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Assistant federal public defenders enforce the United States Constitution’s Sixth Amendment right to counsel by representing those charged with a crime who cannot afford an attorney. More than 80 federal defender organizations located in every state employ the assistants according to the Criminal Justice Act. Assistants are appointed by the court to provide representation in federal criminal cases and related matters.
The assistant federal public defender
- provides legal representation to clients charged with federal criminal offenses or involved in other matters mandated by the Act;
- meets with clients to establish meaningful attorney-client relationships;
- directs the defense investigation of alleged crimes or offenses;
- researches case law;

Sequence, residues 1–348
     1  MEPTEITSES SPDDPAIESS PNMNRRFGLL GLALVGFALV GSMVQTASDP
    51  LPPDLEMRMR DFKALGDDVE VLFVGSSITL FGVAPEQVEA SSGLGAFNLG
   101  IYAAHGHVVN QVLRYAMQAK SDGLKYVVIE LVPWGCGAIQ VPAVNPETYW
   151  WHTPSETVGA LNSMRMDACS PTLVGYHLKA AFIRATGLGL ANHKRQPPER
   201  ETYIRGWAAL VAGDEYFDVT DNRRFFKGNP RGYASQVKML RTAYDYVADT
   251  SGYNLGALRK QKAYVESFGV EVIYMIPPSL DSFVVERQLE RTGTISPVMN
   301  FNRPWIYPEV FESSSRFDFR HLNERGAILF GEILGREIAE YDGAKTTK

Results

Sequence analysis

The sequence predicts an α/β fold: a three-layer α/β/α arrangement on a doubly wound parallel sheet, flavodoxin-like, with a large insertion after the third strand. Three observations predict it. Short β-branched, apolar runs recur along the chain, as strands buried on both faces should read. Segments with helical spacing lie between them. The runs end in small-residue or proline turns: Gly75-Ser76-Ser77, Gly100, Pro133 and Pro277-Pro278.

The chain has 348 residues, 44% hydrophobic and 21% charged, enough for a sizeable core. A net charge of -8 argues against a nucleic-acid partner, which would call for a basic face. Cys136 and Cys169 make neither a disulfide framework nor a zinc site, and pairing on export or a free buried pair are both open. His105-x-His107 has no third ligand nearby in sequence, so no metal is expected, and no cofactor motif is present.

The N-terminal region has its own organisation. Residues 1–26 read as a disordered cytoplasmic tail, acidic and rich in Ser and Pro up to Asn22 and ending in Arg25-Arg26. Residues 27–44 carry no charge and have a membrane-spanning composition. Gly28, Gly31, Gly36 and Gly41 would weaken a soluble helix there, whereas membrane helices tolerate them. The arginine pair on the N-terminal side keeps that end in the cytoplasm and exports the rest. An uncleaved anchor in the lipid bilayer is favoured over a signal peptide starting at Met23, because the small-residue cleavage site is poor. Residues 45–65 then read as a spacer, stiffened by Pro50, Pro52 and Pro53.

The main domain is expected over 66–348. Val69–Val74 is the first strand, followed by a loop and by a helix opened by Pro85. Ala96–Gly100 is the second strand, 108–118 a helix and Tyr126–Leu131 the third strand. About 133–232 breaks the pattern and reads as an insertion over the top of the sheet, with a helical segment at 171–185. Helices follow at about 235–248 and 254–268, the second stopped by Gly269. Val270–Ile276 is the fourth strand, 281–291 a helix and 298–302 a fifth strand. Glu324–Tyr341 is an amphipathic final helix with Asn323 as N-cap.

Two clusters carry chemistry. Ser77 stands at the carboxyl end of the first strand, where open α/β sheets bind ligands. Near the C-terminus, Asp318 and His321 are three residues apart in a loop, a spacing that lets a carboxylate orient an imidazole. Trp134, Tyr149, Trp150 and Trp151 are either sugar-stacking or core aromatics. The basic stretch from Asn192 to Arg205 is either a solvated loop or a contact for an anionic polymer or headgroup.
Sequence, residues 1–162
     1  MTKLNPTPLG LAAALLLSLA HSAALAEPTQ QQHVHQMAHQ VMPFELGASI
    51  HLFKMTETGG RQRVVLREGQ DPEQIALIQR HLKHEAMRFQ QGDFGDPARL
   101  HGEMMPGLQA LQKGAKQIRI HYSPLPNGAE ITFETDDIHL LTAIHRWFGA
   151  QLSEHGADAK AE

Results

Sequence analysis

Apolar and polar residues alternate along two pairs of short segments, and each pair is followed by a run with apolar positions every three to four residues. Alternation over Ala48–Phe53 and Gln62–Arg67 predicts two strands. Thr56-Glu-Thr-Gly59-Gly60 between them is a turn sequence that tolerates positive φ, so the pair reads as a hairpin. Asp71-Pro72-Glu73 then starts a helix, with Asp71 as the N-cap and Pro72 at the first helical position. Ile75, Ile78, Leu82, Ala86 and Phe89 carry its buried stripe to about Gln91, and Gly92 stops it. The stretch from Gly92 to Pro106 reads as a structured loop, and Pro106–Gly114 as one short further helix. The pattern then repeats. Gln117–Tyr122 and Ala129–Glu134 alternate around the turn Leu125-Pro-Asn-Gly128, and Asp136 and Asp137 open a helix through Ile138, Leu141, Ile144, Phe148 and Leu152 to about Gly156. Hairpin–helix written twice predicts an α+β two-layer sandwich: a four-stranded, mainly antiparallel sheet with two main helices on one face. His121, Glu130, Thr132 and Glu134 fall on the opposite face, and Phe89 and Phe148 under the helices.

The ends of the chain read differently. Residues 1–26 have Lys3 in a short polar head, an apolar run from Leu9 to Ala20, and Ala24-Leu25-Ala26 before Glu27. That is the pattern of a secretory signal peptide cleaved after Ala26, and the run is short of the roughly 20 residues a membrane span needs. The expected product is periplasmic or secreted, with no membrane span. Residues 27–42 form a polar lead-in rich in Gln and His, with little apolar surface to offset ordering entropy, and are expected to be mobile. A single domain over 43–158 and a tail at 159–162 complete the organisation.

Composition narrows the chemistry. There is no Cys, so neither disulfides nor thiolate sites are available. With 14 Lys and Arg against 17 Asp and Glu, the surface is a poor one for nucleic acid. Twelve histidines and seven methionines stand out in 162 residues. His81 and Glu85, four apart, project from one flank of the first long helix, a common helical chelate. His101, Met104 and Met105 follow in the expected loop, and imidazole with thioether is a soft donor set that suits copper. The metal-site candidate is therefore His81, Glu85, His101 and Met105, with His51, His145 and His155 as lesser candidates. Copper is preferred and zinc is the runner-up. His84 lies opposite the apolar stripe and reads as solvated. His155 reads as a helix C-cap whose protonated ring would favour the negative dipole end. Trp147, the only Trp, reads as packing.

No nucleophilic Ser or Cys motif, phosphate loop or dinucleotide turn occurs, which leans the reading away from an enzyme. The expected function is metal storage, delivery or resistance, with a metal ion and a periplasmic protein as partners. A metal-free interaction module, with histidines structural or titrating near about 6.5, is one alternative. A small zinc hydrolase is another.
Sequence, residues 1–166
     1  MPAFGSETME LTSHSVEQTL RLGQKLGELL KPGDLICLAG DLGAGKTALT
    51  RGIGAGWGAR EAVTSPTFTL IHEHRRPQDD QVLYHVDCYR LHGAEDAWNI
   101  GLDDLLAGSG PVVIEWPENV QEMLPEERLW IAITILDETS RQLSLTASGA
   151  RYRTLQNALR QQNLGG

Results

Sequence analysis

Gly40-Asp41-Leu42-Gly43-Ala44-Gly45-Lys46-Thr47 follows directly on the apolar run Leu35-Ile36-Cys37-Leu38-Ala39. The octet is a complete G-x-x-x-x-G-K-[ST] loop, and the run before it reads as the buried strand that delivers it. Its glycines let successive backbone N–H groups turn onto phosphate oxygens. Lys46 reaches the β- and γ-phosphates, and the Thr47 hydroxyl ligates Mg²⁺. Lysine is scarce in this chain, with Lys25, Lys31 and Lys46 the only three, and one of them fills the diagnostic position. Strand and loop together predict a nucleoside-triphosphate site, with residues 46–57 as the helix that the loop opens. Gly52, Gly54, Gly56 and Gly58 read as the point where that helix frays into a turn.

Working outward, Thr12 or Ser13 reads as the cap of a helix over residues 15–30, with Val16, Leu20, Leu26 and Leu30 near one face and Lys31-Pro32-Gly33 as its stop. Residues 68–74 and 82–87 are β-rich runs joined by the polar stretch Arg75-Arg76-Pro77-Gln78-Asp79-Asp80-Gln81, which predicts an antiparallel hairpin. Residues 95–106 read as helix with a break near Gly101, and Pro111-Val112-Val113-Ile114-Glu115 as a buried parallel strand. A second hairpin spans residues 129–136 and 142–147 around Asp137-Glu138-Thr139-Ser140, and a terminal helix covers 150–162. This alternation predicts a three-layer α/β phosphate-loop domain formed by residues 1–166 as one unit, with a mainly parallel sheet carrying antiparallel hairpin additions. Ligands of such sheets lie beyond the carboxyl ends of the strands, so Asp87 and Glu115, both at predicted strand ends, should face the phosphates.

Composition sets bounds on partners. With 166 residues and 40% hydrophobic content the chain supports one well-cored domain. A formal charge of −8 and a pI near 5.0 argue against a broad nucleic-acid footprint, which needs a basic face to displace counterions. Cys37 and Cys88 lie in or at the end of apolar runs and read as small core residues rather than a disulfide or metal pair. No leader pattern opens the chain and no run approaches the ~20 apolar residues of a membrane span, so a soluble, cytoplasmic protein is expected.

- prepares pretrial motions;
- reviews material received from the government as pretrial discovery; engages in plea negotiations;
- determines trial strategies and defense approaches that affect jury selection, opening statements and closing arguments, client testimony, and cross-examination of witnesses;
- conducts sentencing investigations and prepares sentencing memoranda, and represents client at sentencing hearings;
- prepares post-trial motions; and
- represents clients at trial, on appeal, and in other courtroom proceedings.
Requirements for the assistant federal public defender position include a law school degree and admission and good standing before the federal bar, combined with state bar admission and good standing.